I began with half a dozen oysters—Duchy of Cornwall Natives No. 3—minerally almost to the point of bitterness but ending with a sweetgrass redemption. They were served without horseradish, of course (I think that’s a Toronto invention) but with a classic shallot mignonette, half a lemon in muslin and a bottle of Tabasco (all of which went unused).
Next a cock crab from South Devon. I know about North Devon crabs. When I was myself a nipper, my mother would take us on holiday to a hotel called Portledge on the North Devon coast, near the villages of Bideford, Ilfracombe and Westward Ho!, where her family was from. My brother and I would go shrimping in the rock pools with small nets on thin bamboo poles, and the crabs were our underwater enemy—glossy brown rocks that would suddenly come to life and scuttle away in a billow of sand to the shrieks of the tiny Chatti.
Scott’s crab was a monster—so big they only brought me half, immaculately fresh and still in the shell. They also set down surgical tools that let me crack the shell of the legs and claws and excavate the chitinous chambers of the body, scraping away like a scrupulous dentist until my plate was piled with about a kilo of crab meat. Oh Lord, it was delicious—such flavour from the gooey brown meat and the flaky white! Orkney crabs are delicate little things that taste refined, almost with a hint of horseradish. Crabs from Suffolk and Kent are more powerfully flavoured. But the Devon crabs (North or South) have the most robustly flavourful flesh of all. Put them up against a Nova Scotia lobster and they would kick arthropod butt every time.There was so much crab meat that I could have gone home right then, but I had ordered a Dover sole. It was classically cooked: grilled with a little butter and a perfectly judged sprinkling of salt—its firm but delicate, fine-grained, sweet-tasting flesh separating into fillets with the merest pressure of knife and fork. Scott’s offers very English vegetables: Brussels sprouts with bacon, steamed or creamed spinach, braised fennel, chips that are a little too thickly cut and pure to turn your soul to the dark side. I found a Pouilly Fumé Les Cornets Domaine Coulbais 2005 an even better accompaniment. Lovely cheeses and desserts were proffered but the crab had usurped my appetite.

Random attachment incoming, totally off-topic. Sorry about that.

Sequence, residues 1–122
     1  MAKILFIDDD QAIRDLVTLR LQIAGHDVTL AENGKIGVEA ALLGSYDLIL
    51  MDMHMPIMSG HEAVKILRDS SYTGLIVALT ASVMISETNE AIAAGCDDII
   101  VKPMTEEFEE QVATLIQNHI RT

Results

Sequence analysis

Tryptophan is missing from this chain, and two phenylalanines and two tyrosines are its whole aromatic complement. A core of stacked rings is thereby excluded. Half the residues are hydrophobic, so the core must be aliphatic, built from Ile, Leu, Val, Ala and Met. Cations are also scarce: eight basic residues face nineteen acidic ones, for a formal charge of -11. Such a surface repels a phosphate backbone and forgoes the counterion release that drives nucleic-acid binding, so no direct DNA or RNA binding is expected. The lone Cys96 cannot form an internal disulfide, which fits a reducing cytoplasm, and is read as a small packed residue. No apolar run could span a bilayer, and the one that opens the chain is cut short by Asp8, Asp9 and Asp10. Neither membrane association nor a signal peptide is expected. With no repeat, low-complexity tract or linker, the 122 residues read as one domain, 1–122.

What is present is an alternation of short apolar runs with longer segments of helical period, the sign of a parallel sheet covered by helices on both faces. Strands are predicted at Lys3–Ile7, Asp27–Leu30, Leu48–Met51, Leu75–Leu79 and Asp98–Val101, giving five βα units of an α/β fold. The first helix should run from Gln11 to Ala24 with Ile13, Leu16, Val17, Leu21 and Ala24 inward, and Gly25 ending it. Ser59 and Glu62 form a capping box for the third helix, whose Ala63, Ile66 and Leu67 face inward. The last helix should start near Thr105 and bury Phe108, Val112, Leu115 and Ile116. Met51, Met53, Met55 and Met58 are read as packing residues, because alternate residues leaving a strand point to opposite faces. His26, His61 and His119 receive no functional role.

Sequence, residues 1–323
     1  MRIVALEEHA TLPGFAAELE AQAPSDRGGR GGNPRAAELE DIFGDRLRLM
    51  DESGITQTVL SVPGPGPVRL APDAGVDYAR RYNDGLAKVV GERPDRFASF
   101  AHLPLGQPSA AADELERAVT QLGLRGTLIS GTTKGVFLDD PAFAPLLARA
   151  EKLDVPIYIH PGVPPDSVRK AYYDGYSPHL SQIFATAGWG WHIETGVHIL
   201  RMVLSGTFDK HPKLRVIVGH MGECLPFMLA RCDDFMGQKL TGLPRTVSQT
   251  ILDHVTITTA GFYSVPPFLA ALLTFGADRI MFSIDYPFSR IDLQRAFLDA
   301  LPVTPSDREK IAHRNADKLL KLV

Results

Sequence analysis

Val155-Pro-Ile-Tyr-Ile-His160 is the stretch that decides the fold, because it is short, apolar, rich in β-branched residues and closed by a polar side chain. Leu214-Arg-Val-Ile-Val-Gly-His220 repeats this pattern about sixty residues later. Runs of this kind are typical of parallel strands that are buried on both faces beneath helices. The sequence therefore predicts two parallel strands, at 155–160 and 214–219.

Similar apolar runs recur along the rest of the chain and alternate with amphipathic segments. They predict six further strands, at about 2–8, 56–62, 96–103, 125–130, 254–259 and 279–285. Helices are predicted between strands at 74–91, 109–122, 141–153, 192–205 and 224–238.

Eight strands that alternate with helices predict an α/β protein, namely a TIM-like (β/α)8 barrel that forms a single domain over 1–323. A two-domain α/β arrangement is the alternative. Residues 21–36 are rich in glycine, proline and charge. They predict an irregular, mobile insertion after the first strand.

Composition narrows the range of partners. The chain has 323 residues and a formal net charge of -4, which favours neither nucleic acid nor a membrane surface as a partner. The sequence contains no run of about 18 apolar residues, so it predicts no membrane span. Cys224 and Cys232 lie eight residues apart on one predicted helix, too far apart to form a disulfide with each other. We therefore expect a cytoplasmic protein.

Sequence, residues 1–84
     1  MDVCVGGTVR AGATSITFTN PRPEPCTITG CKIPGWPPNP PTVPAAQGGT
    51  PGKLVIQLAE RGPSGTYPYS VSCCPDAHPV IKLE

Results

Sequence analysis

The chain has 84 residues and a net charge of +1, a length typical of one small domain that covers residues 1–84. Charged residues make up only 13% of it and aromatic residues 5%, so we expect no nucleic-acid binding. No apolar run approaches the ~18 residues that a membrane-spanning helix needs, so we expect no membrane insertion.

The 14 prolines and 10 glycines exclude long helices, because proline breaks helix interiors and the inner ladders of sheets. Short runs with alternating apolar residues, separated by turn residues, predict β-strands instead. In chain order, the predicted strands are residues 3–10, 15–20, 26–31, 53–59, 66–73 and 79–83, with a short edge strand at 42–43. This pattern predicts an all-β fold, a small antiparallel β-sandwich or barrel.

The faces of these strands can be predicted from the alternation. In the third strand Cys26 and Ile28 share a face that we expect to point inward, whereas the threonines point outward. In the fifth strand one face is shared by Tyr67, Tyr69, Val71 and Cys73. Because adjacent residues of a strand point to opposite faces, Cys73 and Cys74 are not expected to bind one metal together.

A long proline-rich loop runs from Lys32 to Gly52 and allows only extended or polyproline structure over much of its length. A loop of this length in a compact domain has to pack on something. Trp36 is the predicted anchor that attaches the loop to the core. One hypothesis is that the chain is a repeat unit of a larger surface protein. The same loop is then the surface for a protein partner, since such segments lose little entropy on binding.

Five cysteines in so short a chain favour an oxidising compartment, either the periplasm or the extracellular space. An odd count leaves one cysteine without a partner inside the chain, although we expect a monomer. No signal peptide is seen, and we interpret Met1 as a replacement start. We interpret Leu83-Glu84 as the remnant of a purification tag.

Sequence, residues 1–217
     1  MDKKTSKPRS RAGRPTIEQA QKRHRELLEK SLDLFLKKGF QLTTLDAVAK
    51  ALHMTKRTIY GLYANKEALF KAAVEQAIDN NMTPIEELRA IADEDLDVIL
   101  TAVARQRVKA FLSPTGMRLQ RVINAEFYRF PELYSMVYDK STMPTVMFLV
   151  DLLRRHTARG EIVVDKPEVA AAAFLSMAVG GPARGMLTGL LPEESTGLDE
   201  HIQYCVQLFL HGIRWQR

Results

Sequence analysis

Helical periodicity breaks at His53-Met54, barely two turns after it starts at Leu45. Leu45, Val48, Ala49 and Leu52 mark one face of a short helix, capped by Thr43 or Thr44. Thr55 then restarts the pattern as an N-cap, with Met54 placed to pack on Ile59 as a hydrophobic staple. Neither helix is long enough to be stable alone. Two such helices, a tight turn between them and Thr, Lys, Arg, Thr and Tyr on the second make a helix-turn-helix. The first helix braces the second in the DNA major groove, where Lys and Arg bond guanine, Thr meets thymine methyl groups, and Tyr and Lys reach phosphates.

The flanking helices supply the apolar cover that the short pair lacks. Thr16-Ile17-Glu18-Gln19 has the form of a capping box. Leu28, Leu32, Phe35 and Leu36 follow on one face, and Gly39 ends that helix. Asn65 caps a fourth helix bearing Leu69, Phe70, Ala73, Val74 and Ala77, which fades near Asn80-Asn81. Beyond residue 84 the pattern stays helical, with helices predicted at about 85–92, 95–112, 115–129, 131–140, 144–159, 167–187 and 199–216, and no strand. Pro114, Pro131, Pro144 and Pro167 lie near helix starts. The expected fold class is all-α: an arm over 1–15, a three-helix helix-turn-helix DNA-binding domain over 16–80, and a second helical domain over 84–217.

Scott’s is once again an institution, though pressure from the neighbours (specifically a member of the Westminster Council and a Daily Mail journalist who live upstairs) means the kitchen must shut down at 10:30, extractors switched off at 11:00 p.m., which prevents the place from doing the after-theatre business it deserves. The same neighbours, incidentally, almost killed Scott’s when it was set to re-open after its 2005 renovations, using influence to delay the ratification of its license. The owners were faced with a dilemma. They had already accepted sell-out reservations for weeks to come. They opened anyway, honouring those reservations and letting customers dine free for the 11 days it took to acquire their license. The resultant publicity ensured enormous goodwill for Scott’s. I must say, it is not misplaced. If you’re in London and fancy a crab, go nowhere else.
And the last coincidence—Vince Noir struggling to fit into his black drainpipes? Again, I shall blame the crab. Heading into Christmas proper, I find none of my trousers fit.